August 7, 2011

Pro City semifinals were hot!

August 7, 2011 - Once again fans were treated to great hoops at D.C. Nike Pro City. Too bad yesterday's pair of games were two of the last three this year.

A come back for the ages- The day's second game was its most thrilling, a tilt that saw Tombs, the team with Georgetown's freshman prevail 67-63. The contest was truly a barn burner.

Down 14 with just 7:22 remaining in regulation, The Tombs looked in dire straits, as Boss Auto had repeatedly created defensive stops, which they turned into points via fast break leak outs. Boss forward Elon Bush (25 points) scored many of these uncontested layups.

Tombs, consisting primarily of Georgetown freshmen, then made a minor switch; they started picking up the ball full court, and trapping at the halfcourt line. The impact was immediate, as Tombs immediately went on a 16-7 run over roughly five minutes of play.

Their assault continued though altered slightly - instead of trapping at half court Tombs started doing so all over the court. The change produced more turnovers and a game closing nine-zip run over the last 1:44.

Harvard's junior guard Max Kenyi was key in producing three of those steals within the last two minutes. He also sank five of six free throws over that time. Kenyi finished with 12 very important and timely points.

"Coach wanted me to make plays" said Kenyi of his impact. "Other guys can take over offensively. I take over defensively".

Two other reasons aided the epic comeback: Throughout the game Tombs posted G'Town freshman guard Jabril Trawick (13 points), which forced Boss to use bigger guards who were not as adept at ball handling. Furthering their predicament was the loss of point guard guard Joe Flegler, who departed the game at halftime due to family obligations.

Hoya freshman forward Otto Porter finished with 17 points for Tombs. Classmate and fellow frontcourt guy Mikael Hopkins had 12 points, while frosh Greg Whittington logged 10.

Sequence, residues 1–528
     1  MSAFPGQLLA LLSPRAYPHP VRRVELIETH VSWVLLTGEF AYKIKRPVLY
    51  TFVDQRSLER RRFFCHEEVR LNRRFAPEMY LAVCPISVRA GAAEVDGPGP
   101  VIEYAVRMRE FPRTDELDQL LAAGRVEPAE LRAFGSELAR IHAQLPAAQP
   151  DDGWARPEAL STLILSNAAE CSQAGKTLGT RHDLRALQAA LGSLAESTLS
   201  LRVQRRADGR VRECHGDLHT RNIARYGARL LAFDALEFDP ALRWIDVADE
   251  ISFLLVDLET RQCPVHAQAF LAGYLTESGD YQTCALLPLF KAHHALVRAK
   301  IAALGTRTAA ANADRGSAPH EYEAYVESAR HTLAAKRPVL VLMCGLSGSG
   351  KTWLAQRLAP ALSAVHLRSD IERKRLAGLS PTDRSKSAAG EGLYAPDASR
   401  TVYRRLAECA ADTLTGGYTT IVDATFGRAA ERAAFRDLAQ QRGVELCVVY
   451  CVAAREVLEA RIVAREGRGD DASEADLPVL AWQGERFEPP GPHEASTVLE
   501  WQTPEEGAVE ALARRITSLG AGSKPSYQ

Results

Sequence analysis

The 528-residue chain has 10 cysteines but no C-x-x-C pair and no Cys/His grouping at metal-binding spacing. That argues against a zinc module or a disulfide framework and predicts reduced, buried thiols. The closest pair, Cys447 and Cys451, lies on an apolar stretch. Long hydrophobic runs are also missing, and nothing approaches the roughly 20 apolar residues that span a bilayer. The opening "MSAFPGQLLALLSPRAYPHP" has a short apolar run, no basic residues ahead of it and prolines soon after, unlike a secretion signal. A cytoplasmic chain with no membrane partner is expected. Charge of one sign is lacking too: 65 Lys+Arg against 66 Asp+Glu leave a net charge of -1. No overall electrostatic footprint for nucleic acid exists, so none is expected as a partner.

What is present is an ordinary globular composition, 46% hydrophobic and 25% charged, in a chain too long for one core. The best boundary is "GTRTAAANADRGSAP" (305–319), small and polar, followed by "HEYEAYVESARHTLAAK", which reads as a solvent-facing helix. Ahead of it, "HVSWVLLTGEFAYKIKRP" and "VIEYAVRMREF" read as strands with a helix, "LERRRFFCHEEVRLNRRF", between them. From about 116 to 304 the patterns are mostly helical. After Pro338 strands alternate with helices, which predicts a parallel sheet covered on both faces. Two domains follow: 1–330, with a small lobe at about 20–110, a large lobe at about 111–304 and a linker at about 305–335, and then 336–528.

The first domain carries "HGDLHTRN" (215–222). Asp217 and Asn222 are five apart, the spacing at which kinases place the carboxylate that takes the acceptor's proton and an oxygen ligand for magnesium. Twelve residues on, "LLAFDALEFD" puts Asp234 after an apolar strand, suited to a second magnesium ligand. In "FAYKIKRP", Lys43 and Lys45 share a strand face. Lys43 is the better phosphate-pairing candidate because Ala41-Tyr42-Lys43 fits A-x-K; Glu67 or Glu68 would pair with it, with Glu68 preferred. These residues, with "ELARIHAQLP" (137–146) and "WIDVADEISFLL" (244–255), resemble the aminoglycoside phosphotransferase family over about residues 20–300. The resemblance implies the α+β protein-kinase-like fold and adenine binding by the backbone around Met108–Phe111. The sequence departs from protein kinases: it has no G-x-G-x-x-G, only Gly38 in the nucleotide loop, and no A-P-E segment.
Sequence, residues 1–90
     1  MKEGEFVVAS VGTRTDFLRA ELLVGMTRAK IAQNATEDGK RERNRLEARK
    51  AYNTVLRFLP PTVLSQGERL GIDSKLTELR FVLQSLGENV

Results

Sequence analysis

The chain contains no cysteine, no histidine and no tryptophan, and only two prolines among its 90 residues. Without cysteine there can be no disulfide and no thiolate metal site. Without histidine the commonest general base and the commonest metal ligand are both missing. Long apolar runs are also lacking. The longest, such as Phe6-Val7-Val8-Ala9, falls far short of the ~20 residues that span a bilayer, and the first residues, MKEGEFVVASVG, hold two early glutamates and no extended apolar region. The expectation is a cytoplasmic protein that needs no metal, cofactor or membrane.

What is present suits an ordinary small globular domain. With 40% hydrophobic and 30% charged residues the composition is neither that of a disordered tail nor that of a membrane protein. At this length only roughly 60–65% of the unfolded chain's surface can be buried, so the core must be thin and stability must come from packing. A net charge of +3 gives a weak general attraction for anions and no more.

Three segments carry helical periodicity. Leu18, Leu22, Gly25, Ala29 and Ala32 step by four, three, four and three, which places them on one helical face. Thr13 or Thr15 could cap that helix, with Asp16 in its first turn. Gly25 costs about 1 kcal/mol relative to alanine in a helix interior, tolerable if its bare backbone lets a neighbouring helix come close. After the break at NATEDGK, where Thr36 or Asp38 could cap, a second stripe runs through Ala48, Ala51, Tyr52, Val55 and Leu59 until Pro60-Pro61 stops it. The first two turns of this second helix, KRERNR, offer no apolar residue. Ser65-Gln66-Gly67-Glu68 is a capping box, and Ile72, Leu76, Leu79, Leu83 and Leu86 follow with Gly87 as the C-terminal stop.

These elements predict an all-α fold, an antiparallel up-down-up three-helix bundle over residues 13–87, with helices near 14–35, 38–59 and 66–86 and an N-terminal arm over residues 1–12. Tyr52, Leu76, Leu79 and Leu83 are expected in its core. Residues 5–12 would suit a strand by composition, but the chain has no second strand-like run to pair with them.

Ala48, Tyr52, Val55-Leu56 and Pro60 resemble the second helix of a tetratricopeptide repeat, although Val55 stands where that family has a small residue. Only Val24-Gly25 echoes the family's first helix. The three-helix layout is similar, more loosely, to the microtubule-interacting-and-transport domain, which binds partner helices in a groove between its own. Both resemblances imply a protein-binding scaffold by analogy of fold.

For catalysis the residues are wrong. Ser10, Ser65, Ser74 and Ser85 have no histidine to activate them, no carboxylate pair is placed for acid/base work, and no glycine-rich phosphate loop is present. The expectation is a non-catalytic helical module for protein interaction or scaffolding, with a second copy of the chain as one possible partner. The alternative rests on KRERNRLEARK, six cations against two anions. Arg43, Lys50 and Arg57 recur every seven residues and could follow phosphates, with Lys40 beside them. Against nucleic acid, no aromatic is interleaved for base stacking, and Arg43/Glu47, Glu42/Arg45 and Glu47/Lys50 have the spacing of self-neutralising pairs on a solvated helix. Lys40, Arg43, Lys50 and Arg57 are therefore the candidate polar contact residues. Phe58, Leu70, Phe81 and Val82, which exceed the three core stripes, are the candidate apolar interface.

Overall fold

In addition to Bush's 25 points, Boss got 11 from center Cal Brown. Swingman Terrance Carter dropped 10 for this veteran, talented team.

Sweet shooting and stops - Georgetown's DCX duo of sophomore guard Markel Starks and senior center/forward Henry Sims were rolling early in the second half of their 101-89 overtime loss to Clyde's. The pair drove DCX to a lead of nine, shooting, passing and finishing. They would notch 24 and 20 points, respectively.

As everyone knows, basketball is a game of defense and shooting - the better you stop opponents and the more shots you sink, the more likely victory will fall your way. All three were the case in Clyde's, win, the day's initial semifinal game.

First the strapping up; after being down 63-56 with 13:56 to go, Clyde's equalized the score around five minutes later at 67. DCX during the period had a tough time executing, finding passing lanes clogged and defenders active.

The game see-sawed back and forth until DCX guard Chase Adams's stole the ball and fed George Washington's junior forward David Pellom for a fast break dunk. The score then stood 87-82, DCX.

Now the shooting.

Austin Freeman (31 points) dropped a three pointer with approximately 30 seconds to go. That play created an 87-87 tie, one his teammate, forward Jeff Green couldn't unknot at the buzzer.

Nevermind, as Clyde's then proceeded to light up the score board, from deep: Freeman would sink three long balls, Green one. DCX could never really recover from the onslaught.

Freeman, a man of few words, simply noted "I just got hot at the right time" when asked about his shooting prowess.

George Washington swingman Dwayne Smith joined Green (23 points) and Freeman in double figure scoring with 16 points. DCX forward Dokun Akingbade contributed 20 points to DCX's effort. Forward Robert Diggs dropped 10 points for the losing squad.

For more on the play of Starks, redshirt freshman Aaron Bowen and Porter, see Premium Court, our primary message board community. Also there are injury updates on freshman center Tyler Adams, Bowen, plus sophomores forward Nate Lubick, and center Moses Ayegba.



 

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